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Tuesday, September 2, 2014

Crime & Courts

Underage drinking bust leaves Lyric in chaos

The Mississippi Attorney General’s Office, with help from the Oxford Police Department, arrested four bartenders from The Lyric during the Oxford Music Festival on Friday night for allegedly serving alcohol to minors. The bar had hired Cobra Security Inc. to check identifications at the door. Somehow, two underage informants working with law enforcement were able to purchase drinks from four of the six bartenders working at The Lyric. (September 6, 2010, Page 2A)

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    Funding boosts UM research

    Federal dollars will begin to improve drugs and fight cyber crime. Thanks to research being conducted at the University of Mississippi’s Center for Pharmaceutical Processing and the National Center for Justice and the Rule of Law at Ole Miss. The operators of both programs can thank the federal government for much needed funding. With grants cutting-edge equipment will help with drug delivery systems and Internet crime training. (September 6, 2010, Page 1A)

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      Search widens for panty perp

      Since July, a panty raider has been on the loose in the city of Oxford, breaking into young women’s homes and stealing their unmentionables. Now, the perpertrator has extended his unusual crime spree beyond the city by targeting Lafayette County women as well. (September 2, 2010, Page 1)

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        Murder suspect gets more time for trial

        A man accused of killing Lafayette County father and son last year will get more time to prepare for his trial on two counts of capital murder. Caleb Corrothers, 27, was granted a March trial by Circuit Court Judge Andrew Howorth during a hearing last week. (September 1, 2010, Page 1)

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          Drug Court oversight changes

          Lafayette County no longer to serve as administrator: Despite a plea by the Lafayette County supervisors for a second chance to be the lead county for the 3rd District Drug Court, Circuit Court Judge Andrew Howorth said Union County will take the responsibility for administering federal funds for the program. (September 1, 2010, Page 1)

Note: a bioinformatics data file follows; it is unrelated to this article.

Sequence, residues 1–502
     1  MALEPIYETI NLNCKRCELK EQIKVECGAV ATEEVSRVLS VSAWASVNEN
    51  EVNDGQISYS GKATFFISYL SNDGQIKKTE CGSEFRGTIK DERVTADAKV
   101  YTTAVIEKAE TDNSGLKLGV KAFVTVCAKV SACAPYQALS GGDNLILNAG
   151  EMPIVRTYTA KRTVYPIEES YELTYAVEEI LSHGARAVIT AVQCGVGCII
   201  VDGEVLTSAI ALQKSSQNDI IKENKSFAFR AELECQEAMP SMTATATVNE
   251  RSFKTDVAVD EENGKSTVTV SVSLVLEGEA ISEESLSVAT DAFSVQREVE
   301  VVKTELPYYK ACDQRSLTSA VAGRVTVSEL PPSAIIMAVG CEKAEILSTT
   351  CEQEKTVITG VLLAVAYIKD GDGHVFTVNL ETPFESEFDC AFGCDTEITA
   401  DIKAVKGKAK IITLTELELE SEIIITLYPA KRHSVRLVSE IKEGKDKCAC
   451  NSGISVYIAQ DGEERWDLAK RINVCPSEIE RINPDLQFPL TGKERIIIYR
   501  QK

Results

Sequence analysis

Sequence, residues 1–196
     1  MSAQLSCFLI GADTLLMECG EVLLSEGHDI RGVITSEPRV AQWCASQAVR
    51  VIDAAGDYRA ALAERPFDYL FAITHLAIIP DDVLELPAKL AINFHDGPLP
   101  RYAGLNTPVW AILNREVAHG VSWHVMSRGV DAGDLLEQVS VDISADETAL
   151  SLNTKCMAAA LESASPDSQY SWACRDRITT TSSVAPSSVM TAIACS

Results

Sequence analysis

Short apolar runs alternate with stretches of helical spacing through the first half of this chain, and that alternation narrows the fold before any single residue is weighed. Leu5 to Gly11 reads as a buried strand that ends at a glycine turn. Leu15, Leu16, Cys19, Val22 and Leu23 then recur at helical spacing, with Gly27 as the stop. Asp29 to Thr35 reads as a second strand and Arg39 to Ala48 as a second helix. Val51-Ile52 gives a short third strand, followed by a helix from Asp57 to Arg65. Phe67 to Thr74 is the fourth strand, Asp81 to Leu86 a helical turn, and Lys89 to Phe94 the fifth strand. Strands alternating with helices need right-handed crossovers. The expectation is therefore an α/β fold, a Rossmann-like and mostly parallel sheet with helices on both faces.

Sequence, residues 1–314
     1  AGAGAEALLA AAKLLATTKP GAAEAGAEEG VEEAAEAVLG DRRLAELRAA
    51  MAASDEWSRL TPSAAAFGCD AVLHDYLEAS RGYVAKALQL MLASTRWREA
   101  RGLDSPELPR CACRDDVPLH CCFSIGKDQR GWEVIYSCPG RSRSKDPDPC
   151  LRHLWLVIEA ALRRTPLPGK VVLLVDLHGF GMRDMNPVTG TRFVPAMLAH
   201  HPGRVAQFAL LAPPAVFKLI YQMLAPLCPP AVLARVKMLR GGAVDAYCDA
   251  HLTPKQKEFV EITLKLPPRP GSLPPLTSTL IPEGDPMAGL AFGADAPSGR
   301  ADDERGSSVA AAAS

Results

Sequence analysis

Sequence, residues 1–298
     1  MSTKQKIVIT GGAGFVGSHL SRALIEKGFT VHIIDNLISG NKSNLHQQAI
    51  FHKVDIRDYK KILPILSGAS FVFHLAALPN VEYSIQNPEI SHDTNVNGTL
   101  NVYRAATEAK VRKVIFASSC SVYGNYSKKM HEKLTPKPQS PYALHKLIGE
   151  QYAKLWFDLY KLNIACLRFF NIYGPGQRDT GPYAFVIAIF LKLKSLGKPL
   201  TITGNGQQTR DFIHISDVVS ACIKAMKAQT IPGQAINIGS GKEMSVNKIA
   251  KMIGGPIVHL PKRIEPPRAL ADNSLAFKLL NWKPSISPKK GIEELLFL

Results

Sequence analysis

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            Increasing ways to communicate, increases ways to harass

            Before cell phones, someone “crank calling” or “stalking” someone by calling their home phone over and over could get away with their identify easier before the invention of things like caller ID, phone tracking and voice mail and texting where the proof of the harassment is often recorded.

            The OPD has investigated 117 reports of harassing phone calls in the last year. (August 31, 2010, Page 1)

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              City enforces alcohol laws

              Over the last two weekends, Oxford police officers have made 80 arrests, several being for alcohol-related crimes. Police officers were walking into local bars this weekend checking ID’s. From Friday to Sunday, 45 people were arrested, with 17 minors arrested for underage drinking; eight being charged with DUI and seven being drunk in public. (August 30, 2010, Page 1A)

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                Sheriff’s investigators nab several in burglary cases

                The Lafayette County Sheriff’s Department have made several recent arrests of those they feel are responsible for area burglaries including a break-in at the Lafayette High School field house and several vehicle burglaries in Wellsgate. (August 25, 2010, Page 2)

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                  Court seeks input on pro bono proposals

                  The Supreme Court is asking the public for its opinion on proposals intended to improve access of legal services for the financially needy. Proposals under review call for making 20 hours of annual pro bono service mandatory for Mississippi attorneys, raising to $500 the payments lawyers may make in lieu of doing pro bono work, and increasing fees paid by out of state lawyers to $500 per case.

                  The Supreme Court Rules Committee is asking the public to comment on the proposed change by filing a comment with the Clerk of the Supreme Court, Gartin Justice Building, P.O. Box 249, Jackson MS 39205-0249. Deadline for filing the comments is Oct. 1. (August 24, 2010, Page 1)

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                    Younger Scruggs asks court to vacate his conviction

                    In what appears to be an attempt to gain back his ability to practice law, David Zachery “Zach” Scruggs, is asking a federal court judge to vacate his conviction in a judicial bribery scheme that sent several attorneys to prison, including his father, noted former trial attorney Richard “Dickie” Scruggs. (August 20, 2010, Page 2A)

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